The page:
A federal judge held two D.C. Department of Corrections officials in contempt and referred them for possible civil rights violations for delaying medical care to a man accused of participating in the Jan. 6 Capitol riot.

U.S. District Judge Royce C. Lamberth on Wednesday sanctioned D.C. Jail Warden Wanda Patten and D.C. Department of Correction Director Quincy Booth, WUSA9 reported. The reason for the extraordinary move was a delay in handing over documents concerning a needed hand surgery for Christopher Worrell.

Worrell, of Naples, Fla., was arrested in March and charged with multiple felonies for allegedly breaching the Capitol and assaulting law enforcement officers with other members of the far-right Proud Boys.

While being held in D.C. jail, Worrell broke his wrist in May and a specialist recommended surgery, according to WUSA9. Last week, Lamberth learned that the surgery still had not occurred. He ordered the D.C. Department of Corrections to turn over documents to the U.S. Marshals Service needed to move forward with approving it.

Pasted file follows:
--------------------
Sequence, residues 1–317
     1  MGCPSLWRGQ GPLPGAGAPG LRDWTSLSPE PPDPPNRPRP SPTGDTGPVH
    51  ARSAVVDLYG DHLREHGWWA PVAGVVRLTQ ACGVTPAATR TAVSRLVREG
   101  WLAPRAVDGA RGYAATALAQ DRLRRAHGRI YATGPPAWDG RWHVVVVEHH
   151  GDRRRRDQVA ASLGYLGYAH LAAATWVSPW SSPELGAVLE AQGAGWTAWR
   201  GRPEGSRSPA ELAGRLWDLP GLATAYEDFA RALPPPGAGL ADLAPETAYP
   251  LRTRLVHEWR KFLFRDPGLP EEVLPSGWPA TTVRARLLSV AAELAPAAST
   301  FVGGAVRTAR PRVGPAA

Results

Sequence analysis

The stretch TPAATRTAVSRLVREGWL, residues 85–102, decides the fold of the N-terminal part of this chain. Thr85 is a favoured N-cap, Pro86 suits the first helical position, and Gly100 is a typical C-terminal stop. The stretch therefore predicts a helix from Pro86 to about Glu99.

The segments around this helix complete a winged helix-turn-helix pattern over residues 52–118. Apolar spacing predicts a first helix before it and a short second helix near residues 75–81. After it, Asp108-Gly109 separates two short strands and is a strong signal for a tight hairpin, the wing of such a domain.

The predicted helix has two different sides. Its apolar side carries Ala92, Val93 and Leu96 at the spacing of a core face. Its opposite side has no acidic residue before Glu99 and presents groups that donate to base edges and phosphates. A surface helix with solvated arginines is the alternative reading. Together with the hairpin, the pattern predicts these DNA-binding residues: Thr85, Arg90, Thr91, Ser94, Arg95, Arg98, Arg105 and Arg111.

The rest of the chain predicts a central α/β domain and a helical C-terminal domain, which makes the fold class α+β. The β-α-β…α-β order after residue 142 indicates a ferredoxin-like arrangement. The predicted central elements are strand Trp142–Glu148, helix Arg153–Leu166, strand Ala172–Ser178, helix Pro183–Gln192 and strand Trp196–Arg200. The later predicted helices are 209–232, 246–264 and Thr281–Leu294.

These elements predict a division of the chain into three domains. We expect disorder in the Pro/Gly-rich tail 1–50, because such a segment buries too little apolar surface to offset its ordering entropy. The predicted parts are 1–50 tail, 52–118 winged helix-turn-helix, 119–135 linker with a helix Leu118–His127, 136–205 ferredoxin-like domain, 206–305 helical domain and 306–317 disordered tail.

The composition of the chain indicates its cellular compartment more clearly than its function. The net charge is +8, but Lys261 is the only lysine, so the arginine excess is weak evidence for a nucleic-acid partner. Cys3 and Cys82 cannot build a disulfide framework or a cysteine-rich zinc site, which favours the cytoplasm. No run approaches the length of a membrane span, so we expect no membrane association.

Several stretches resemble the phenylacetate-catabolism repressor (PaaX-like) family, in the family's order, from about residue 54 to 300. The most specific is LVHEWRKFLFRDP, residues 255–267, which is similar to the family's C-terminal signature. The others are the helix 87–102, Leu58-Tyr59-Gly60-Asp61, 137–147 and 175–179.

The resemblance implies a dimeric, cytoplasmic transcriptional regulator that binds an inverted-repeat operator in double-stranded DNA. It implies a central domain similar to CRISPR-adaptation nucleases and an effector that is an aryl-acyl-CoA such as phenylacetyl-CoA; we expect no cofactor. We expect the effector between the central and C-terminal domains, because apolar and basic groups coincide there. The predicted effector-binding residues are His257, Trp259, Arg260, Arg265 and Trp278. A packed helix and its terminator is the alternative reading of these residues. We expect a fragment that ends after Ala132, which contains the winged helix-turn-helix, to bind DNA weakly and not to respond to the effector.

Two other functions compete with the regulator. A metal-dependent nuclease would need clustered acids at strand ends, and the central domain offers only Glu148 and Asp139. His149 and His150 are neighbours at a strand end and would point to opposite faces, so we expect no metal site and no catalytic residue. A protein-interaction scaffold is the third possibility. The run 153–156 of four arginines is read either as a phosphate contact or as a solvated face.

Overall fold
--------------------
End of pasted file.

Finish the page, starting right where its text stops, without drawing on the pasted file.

With documents still not produced, Lamberth moved forward with sanctions for department officials. During the hearing, Lamberth admonished the officials, asking, “No one at the jail noticed he’s been sitting there in pain this whole time?”

“It is more than just inept and bureaucratic shuffling of papers,” Lamberth said, according to CNN. “I find that the civil rights of the defendant have been abridged. I don’t know if this is because he is a January 6 defendant or not.”

Lamberth also indicated that he would refer the incident to the U.S. Department of Justice for possible civil rights violations.

A lawyer for the D.C. Department of Corrections said the documents had been turned over Tuesday, and it had only been one full business day because of the Columbus Day holiday, WUSA9 reported. He said there was no need to hold the officials in contempt.

Alex Stavrou, an attorney for Worrell, said he had grave concerns for his client who has non-Hodgkin’s lymphoma and has been recommended for a six-month course of chemotherapy and radiation. After the hearing, he said he was pleased with the outcome.

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